One of the difficulties that faith communities appear to suffer from, is in misunderstanding the absolute need to ensure that those who have sexually abused in the past, are not allowed to abuse again through not being removed and withdrawn from further contact with those that they have harmed previously. This is an issue that arises too frequently within churches and for which they have been severely and rightly criticized by wider society.
At first sight, as I am a safeguarding practitioner, it is difficult to understand why such a decision would be made. A factor that appears too often to have had an influence is the offender asking for forgiveness for what they have done and pleading for clemency. Too frequently, these pleas are positively responded to, allowing the offender to continue in their contact with those they have harmed. To my mind, these decisions are flawed and need to be critically examined by those who are in leadership within these churches.
Church communities are drawn towards accepting and positively responding to the penitent sinner. If someone who has admitted to abuse, but who is now saying that they will never succumb again to the temptation of harming a child, churches will often take the view that they must be supported in this. We must defend the sinner and help them move forward in their lives at all costs! I disagree.
I see this line of thinking as being flawed. It has led to situations where known offenders have been allowed to remain in a role that gave them continued access to vulnerable young people. Churches should not confuse the need to support the repentant sinner with the greater need to protect the vulnerable child.
If all that was required for a sex offender to address their offending behaviour was an admission of guilt and a desire to be forgiven, the task of dealing with abuse within churches, would be greatly simplified. It is more complex than this.
Sexual abuse within faith communities has an additional dimension of harm that I have written about previously. It creates spiritual harm which often has the effect of separating the victim from the church and frequently also leads to a destruction of their faith. It is also an area of harm that most churches completely ignore leaving those who have been harmed in a position of being unable to engage with any other faith community and unable to stay within their present one where the abuse happened.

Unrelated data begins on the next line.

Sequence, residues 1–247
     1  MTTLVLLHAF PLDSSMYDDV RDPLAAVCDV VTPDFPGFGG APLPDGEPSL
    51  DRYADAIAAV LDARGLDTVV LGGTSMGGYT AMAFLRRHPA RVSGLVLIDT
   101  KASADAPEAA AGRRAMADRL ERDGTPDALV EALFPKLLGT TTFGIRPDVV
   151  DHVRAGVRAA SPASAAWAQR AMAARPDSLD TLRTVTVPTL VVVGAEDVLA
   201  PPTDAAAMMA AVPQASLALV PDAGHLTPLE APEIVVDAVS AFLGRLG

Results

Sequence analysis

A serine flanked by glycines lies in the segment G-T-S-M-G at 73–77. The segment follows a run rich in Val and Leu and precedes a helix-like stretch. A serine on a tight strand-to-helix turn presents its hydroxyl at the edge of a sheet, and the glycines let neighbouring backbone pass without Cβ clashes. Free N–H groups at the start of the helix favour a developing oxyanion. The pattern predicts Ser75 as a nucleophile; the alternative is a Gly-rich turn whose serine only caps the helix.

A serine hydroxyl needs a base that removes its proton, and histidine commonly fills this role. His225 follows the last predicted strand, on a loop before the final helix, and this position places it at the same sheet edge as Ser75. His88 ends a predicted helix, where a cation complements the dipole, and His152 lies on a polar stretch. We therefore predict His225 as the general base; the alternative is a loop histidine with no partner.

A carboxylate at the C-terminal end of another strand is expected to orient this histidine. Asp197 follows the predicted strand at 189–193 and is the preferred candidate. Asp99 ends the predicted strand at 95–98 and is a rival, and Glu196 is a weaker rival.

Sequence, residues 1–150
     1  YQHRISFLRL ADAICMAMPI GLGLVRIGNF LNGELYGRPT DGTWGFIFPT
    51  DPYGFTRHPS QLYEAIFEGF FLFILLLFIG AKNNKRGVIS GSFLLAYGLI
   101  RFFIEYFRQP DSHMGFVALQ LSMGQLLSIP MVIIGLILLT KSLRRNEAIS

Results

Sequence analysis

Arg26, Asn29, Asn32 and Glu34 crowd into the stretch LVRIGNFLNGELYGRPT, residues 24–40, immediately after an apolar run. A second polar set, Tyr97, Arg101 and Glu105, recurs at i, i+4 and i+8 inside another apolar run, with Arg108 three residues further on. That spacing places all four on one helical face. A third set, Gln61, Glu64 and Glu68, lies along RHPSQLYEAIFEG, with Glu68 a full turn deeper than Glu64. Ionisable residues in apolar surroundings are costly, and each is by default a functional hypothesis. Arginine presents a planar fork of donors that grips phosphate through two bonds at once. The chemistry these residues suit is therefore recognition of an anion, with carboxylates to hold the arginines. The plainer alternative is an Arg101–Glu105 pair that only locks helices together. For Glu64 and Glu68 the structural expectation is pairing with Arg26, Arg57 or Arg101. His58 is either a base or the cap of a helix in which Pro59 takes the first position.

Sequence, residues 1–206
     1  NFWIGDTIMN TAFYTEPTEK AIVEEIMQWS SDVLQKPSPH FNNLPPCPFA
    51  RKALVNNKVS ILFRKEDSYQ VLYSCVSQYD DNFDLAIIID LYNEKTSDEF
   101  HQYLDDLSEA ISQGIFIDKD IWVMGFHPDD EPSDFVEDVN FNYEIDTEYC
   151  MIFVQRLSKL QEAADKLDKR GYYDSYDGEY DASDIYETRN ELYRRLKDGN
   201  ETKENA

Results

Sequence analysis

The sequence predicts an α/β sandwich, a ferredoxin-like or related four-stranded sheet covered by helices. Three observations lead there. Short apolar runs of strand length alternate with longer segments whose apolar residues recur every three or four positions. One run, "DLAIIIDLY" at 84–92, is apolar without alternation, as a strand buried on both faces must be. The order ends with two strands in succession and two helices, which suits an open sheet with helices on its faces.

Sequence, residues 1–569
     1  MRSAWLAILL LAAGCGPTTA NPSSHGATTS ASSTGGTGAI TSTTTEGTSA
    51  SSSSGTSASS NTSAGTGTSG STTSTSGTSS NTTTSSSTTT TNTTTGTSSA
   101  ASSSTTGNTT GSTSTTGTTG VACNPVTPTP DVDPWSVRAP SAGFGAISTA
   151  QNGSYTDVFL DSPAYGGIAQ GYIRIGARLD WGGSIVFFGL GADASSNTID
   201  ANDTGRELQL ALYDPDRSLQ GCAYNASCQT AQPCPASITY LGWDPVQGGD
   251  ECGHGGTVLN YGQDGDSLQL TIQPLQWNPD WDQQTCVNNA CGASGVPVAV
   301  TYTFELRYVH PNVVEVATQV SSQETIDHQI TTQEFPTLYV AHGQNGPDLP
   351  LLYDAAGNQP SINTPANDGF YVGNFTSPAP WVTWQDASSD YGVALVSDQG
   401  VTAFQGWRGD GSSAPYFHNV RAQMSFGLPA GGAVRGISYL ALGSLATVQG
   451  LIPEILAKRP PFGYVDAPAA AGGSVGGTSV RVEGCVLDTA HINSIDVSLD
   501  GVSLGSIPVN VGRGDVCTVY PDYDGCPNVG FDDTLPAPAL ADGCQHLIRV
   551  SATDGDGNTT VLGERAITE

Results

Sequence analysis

I find this lack of interest on the part of faith communities in the spiritual health of those they have harmed, to be deeply disturbing. The response to the discovery of abuse within a church setting should be different from that which would occur within a secular or statutory organisation. This difference arises through the fact that it should also include responding to the spiritual harm that the abuse has created in the survivor.
It is also the same for those that have committed the abuse. Their needs should be met but not at the expense of failing to protect others from harm. Risk does not disappear simply because someone who has offended says they are sorry and they will not do it again.
Sex offenders need to be held accountable for their actions and this must be done consistently and transparently by churches working in co-operation with the statutory authorities. Churches should not seek to act independently and determine for themselves whether an offender should or should not continue in the role that they held.
In my work with churches, I have met with examples of this line of flawed thinking. In attempts to defend the offender, people have described the abuse as having taken place, in part, as a consequence of the availability of the child combined with the presence of particular circumstances that arose in the life of the offender. I find all these references to be deeply distressing and completely misguided. There are no circumstances to my mind, which can be thought to justify the sexual abuse of a young and vulnerable child. This includes the misuse of alcohol, the accessibility of the child, the emotional health of the offender, or whatever. The sexual abuse of a child is a totally abhorrent event and those that commit it must be held fully accountable for their actions.
Churches need to be welcoming places for those that wish to reform their lives. I fully accept that and would support that view. However, they cannot allow this commitment to lead to a situation where they fail to hold the offender to account and expose others to potential future harm. This is a risk that my experience has led me to believe churches are particularly vulnerable too. They need to address it and minimise it by engaging independent, trained, and experienced people to guide them. They need to work in closer co-operation with the statutory authorities who hold responsibility for child protection in society.